Friday, May 27th Part I
It was either the dumbest thing I'd ever done, or the bravest.
I had signed us up to go camping with my girls' newfound group of friends from Sarabande, a reasonably priced, not-at-all snooty horseback riding school.
The operative word here is camping. I had never been camping.
Two crucial family members would be absent: my oldest son with years of Boy Scout skills under his belt - including camping. He is thirteen, full of teenage angst and feels everything his siblings say, do, or even think is embarassing. The younger siblings, tired of his eye-rolls when they did anything silly, were perfectly happy to go without "Squidward". It was my husband's absence we all quietly worried about.
I am fortunate to have a husband with the patience of Job. With our family, he needs it. But, sadly, he had to work Sundays so weekend trips of any sort are virtually out of the question. "Job" also had the camping experience from going with Squidward. He also posessed the required tent assembly skills that I lacked. He patiently tutored me through the process while my youngest daughter videotaped on my iPhone in the event I couldn't figure it out. My youngest, "Blondinchka" narrated, explaining what she thought I was doing and noting how different it was from what Job explained. Later, she turned the camera on herself and said matter-of-factly "we're going to die."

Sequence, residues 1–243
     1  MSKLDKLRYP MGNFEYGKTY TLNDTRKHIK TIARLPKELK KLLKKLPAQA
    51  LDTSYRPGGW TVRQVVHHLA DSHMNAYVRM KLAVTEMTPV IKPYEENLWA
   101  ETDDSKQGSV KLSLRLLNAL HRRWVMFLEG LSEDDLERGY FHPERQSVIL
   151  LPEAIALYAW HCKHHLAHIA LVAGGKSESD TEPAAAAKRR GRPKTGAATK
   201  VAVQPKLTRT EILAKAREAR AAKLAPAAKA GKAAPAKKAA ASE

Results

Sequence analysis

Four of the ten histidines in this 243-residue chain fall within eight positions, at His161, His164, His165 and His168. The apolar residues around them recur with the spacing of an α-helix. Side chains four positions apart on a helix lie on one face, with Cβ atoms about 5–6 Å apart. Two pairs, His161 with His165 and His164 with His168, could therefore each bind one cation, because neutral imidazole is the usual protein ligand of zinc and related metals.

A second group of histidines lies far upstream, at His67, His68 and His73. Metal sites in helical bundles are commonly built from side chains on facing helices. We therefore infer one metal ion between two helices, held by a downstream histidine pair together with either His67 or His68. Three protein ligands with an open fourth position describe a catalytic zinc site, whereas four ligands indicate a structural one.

My younger daughter, Blondie and her older sister, "The horse whisperer" took lessons at Sarabande most Saturdays, and we were meeting up with a group of other barn moms and their daughters similarly obsessed with horses. I had tried for months to get my youngest son to go, as he loves animals. I think horses are too big for him. He likes animals he can hold. The only way I could persuade him to go camping with us was to tell him about the pond at the campsite that had frogs in it. "Frogboy" was game. And so, together, the four of us, completely inexperienced campers drove north toward Prescott, the car groaning under the weight of every camping accoutrement we could think of.